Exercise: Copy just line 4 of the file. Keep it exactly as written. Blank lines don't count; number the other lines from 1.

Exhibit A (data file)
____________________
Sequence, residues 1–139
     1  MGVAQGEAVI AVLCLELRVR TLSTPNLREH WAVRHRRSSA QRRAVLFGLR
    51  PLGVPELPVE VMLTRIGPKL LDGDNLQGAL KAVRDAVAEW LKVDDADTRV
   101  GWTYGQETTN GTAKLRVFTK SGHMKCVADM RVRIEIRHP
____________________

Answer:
   101  GWTYGQETTN GTAKLRVFTK SGHMKCVADM RVRIEIRHP